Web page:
The knees start out at address in a bent condition the same amount of the bend as if you were in an Impact position. As you make a backstroke the right knee can either stay flexed or it can be allowed to straighten and in the downstroke this is just reversed. The left knee can stay bent coming into Impact or it can be straightening, again the players’ choice.

The hips work in response to upper body rotation, more specifically the right shoulder, so they have choices as well. They can be free to in turn in both directions, or they can be delayed which means the shoulder turn itself pulls them and turns them.

The primary role of the shoulders is to allow the hands to work on plane. So if the right shoulder is off plane, then unless the hands are well educated, the clubhead will also be off plane. The arms want to follow the path of the shoulders.

Now the Hands can makeup for off plane shoulder movement but this takes tremendous amounts of timing to do so. So the easiest thing to do is to keep the right shoulder moving on plane, down and out to Low Point, just like you’re moving the hands and all way to the finish.

Right Forearm: When one views the great swings of golf one will quickly see that the right forearm and shaft lineup through impact. This is a topic that you hear very little about in golf instruction. At Medicus Golf we provide the necessary ingredients for you to view and learn the role of this important right forearm and how it allows for the left wrist to be flat. If the right forearm is not on plane at Impact then you would need to flip the hands to make contact with the ball thus disrupting the #1 alignment – The Flat Left Wrist!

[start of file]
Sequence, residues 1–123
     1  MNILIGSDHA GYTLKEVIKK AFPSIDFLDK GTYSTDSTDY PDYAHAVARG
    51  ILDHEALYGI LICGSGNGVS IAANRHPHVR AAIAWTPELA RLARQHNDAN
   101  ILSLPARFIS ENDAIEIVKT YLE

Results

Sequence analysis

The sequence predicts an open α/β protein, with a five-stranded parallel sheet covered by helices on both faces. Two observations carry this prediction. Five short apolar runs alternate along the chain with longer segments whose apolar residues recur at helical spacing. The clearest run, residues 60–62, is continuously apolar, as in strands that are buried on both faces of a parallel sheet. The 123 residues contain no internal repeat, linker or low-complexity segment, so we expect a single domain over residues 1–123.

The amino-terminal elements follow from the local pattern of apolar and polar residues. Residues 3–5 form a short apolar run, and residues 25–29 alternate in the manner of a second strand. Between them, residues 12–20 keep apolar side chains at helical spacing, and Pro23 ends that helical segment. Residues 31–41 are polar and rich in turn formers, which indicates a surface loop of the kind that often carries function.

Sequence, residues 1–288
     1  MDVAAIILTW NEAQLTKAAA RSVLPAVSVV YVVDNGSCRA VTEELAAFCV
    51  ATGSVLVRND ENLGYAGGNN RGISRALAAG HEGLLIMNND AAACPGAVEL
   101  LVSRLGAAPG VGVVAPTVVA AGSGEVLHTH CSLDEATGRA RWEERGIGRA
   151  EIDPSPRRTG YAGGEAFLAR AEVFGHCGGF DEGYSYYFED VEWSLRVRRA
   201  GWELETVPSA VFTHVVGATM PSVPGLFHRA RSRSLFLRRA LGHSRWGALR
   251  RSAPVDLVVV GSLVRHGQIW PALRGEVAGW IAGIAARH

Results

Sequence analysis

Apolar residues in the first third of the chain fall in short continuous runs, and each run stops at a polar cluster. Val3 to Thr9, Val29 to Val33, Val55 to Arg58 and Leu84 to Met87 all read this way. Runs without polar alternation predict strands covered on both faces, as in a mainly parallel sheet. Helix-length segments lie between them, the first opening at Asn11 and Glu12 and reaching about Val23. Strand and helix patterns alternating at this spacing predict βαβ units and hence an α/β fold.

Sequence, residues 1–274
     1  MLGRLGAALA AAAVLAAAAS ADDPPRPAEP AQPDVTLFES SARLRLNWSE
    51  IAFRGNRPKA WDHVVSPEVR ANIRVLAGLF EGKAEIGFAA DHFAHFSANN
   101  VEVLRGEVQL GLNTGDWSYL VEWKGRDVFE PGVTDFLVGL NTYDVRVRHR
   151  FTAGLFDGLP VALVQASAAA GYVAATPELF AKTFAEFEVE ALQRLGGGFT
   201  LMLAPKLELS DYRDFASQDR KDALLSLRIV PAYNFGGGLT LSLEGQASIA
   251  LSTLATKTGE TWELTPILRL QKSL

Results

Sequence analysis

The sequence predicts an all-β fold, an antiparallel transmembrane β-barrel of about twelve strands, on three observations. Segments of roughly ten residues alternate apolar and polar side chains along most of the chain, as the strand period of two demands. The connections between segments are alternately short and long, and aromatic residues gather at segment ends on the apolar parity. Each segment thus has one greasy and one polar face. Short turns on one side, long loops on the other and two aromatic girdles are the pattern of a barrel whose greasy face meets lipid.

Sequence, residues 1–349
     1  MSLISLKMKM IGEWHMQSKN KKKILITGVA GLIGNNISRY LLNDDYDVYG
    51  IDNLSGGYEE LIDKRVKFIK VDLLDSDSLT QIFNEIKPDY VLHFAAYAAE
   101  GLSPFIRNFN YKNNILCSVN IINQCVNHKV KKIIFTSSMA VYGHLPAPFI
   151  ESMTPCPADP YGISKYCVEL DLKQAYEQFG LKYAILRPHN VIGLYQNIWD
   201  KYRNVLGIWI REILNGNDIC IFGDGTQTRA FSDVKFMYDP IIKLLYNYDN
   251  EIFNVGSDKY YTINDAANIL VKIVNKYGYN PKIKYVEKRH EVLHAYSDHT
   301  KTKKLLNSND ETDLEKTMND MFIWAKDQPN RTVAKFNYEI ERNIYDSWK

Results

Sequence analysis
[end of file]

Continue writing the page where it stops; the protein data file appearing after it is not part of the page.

Lag: When you hear us speaking of lag we are merely speaking of the relationship between the clubhead and the hands – clubHEAD Lag. In all great strokes, unless the player is intentionally applying a specialty shot, the clubhead is trailing the hands through impact….NEVER in front of the hands! Think of it this way – there is a race between the hands and the clubhead to the ball and to be an effective, and great, ball striker – the HANDS MUST WIN THE RACE!

Lag drill using the bunker

Plane: To add a little more information about plane, please use the idea of a pitched roof and at the bottom of the roof is a gutter. We will refer the gutter as being the plane line and the amount of pitch of the roof as the plane angle. With this in mind, golfers can then envision that the plane angle can vary many degrees but the gutter of the roof or the plane line remains the same. This is why when you view good players swings they incorporate many different angles but what they abide by is that whichever end of the club is closest to the ground is always pointing at the gutter or plane line. This is the true definition of being on plane.

Club perfectly on Plane

Poor Golf Is Position Golf…/

Homer Kelley